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Credit Score

Credit Score

A single numerical score, based on an individual's credit history, that measures that individual's credit worthiness. Credit scores are as good as the algorithm used to derive them. The most widely used credit score is called FICO for Fair Issac Co. which developed it.

The most notable and widely known credit score is called the FICO score. FICO is an acronym for Fair Isaac Company. Fair Isaac is the company who came up with the formula for the score.

The higher the FICO score, the better the chance are that a borrower will make their payments on time.

FICO scores range from 350 to 850. The minimum score to qualify for the lowest rate would be 740. This does vary from lender to lender, and is dependant upon all of the information provided by the borrower to the lender.

Credit scores have done wonders for speeding up the loan decisioning process. The only down side to the credit reports and fico scores is the possibility of an error. For instance, if someone with a similar name has one of their accounts show up on your credit report, this can and will affect your credit score. Errors on credit reports are not at all uncommon.

Will Time Improve My Credit Report?

The Federal Fair Credit Reporting Act sets limits on how long derogatory information can appear on your credit report. Once a record has been on an individuals credit report for the subscribed period of time, it is, by law, supposed to drop off.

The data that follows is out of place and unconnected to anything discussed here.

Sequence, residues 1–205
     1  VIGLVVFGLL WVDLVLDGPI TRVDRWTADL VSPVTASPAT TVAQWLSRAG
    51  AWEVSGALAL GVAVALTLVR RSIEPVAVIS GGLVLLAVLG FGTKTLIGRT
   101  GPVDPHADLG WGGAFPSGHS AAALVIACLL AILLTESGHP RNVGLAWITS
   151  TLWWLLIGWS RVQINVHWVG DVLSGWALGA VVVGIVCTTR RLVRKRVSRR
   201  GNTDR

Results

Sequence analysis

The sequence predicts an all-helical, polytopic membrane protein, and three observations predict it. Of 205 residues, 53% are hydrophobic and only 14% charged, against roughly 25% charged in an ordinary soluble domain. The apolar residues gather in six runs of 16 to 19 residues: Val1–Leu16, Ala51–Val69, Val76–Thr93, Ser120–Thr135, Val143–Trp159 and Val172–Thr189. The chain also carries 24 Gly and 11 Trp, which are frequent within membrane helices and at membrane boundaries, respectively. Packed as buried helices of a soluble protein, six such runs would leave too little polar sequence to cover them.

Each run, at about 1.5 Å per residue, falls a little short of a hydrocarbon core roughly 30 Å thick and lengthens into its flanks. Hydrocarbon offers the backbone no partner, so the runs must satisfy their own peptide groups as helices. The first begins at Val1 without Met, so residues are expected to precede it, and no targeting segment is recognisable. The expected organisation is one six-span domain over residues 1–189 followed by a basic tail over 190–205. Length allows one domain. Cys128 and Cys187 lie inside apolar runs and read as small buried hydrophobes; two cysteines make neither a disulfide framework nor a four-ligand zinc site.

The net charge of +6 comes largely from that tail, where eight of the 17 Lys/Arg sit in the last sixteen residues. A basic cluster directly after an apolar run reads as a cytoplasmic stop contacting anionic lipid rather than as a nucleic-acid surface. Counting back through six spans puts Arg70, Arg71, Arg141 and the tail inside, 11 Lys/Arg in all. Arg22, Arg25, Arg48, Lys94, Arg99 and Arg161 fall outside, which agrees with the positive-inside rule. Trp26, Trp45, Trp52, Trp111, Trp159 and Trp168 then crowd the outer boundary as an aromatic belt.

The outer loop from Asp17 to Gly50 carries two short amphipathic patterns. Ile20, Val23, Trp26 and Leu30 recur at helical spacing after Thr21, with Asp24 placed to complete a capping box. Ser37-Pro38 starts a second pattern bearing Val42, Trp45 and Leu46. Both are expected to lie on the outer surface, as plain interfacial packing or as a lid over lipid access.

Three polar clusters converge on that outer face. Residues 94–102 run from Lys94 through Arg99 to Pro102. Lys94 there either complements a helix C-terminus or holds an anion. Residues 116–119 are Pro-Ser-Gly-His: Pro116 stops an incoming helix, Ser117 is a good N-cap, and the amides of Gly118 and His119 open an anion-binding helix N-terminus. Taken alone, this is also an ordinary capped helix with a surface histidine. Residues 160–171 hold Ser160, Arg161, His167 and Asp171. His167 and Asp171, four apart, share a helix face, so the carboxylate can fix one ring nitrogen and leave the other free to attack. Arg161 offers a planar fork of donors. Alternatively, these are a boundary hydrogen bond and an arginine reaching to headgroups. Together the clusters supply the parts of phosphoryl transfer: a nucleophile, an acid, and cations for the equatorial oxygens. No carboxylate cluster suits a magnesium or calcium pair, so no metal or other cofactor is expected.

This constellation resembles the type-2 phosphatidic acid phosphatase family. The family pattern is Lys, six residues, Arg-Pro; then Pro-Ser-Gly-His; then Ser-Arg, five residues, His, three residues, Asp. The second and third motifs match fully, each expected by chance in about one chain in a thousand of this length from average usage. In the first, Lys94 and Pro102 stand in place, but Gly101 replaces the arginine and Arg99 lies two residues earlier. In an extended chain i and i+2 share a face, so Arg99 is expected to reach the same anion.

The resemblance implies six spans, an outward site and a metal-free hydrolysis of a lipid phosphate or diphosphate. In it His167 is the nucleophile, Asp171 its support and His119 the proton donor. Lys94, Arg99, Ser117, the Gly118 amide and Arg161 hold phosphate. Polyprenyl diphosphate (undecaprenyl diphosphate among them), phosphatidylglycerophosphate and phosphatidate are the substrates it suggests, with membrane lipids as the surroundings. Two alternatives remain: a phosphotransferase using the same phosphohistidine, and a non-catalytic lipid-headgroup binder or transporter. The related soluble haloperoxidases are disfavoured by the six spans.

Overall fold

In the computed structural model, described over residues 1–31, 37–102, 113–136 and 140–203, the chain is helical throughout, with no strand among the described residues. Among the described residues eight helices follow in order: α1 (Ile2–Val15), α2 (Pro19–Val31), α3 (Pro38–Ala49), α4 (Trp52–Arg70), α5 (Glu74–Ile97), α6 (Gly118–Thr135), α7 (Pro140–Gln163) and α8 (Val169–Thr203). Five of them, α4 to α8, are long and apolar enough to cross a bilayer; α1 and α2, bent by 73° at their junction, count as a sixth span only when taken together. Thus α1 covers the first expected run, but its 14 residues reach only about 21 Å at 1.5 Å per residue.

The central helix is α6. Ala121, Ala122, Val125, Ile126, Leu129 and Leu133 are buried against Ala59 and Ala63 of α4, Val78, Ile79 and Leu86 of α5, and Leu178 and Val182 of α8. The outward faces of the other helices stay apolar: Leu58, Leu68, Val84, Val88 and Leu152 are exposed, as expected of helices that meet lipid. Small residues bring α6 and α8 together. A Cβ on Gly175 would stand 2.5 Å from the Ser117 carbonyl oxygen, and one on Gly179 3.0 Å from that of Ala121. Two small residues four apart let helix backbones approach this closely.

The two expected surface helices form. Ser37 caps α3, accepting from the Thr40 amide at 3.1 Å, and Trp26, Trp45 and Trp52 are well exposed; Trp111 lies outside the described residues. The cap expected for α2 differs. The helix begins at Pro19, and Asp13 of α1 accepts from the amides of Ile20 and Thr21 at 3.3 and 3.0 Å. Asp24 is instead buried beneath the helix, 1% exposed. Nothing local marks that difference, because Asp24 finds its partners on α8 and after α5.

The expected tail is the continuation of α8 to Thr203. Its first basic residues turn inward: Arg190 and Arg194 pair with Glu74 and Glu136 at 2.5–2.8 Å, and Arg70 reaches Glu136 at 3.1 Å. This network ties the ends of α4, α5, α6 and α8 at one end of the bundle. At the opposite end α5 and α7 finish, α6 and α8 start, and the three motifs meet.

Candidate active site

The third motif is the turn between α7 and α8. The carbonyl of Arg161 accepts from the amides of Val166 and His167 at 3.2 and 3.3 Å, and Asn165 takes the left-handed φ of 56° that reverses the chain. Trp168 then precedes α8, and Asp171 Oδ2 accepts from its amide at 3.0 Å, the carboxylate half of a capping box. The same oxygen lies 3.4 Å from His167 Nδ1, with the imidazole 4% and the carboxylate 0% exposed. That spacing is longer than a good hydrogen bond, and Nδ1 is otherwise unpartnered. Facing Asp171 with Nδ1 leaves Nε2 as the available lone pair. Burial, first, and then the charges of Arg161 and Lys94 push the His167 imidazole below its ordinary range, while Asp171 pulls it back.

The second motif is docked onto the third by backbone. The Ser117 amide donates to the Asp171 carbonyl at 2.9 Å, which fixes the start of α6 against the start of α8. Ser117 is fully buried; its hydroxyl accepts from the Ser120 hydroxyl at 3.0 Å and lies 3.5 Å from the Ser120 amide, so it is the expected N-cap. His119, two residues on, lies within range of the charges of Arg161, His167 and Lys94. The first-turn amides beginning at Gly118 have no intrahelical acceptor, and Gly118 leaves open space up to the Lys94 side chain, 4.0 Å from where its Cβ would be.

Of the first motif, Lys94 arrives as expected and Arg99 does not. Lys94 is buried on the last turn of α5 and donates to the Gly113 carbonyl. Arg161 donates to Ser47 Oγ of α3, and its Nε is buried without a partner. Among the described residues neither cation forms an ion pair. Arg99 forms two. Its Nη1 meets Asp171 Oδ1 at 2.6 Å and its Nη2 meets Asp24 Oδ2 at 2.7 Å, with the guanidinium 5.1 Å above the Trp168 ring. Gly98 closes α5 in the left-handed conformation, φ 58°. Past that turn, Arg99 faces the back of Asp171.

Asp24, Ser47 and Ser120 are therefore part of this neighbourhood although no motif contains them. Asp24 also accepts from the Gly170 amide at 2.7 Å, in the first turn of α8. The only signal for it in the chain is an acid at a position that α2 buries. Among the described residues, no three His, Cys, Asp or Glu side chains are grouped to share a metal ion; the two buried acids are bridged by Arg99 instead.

Before negative information drops off of your credit report, it will continue to have a negative impact on your score. This is why it is important for borrowers to establish new credit where the outcome will have a positive impact on their report. This will help your credit score begin to rise. By letting your derogatory accounts sit around on your credit report without establishing new and active credit accounts you are only hurting your score.

Do Credit Inquiries Hurt Your Credit Score?

Generally speaking, credit inquiries will hurt your credit score because it has been found that multiple inquiries are a red flag when it comes to a high risk of default.

However, multiple inquiries can happen as a result of someone shopping around for the best deal. Credit scorers do take this into consideration. Credit scorers do not pay attention to auto and mortgage inquiries that happen within thirty days of the scoring date.

Also, to avoid hurting the borrower’s score from any earlier shopping that the consumer may have done, the credit scorers will treat all auto and mortgage inquiries that occur within a fourteen-day period as one single inquiry.

The only inquiries that affect your credit score are those by new credit grantors to whom you have given authorization to do so.

Credit Report

Equal Credit Act

Debt Consolidation

Buying House with bad credit

Refinancing house with bad credit

Credit Problems, What You Can Do

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Books about Credit Reports and Credit Repair:

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